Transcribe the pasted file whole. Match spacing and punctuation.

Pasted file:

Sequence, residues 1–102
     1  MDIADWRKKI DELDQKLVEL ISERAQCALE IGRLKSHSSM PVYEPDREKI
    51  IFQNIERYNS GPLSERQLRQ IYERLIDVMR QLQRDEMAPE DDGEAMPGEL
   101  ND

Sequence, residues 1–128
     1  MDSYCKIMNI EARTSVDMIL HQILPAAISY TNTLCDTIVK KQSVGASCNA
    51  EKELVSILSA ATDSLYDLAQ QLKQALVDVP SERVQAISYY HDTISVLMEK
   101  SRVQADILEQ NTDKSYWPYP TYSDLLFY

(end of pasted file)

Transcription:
Sequence, residues 1–102
     1  MDIADWRKKI DELDQKLVEL ISERAQCALE IGRLKSHSSM PVYEPDREKI
    51  IFQNIERYNS GPLSERQLRQ IYERLIDVMR QLQRDEMAPE DDGEAMPGEL
   101  ND

Sequence, residues 1–128
     1  MDSYCKIMNI EARTSVDMIL HQILPAAISY TNTLCDTIVK KQSVGASCNA
    51  EKELVSILSA ATDSLYDLAQ QLKQALVDVP SERVQAISYY HDTISVLMEK
   101  SRVQADILEQ NTDKSYWPYP TYSDLLFY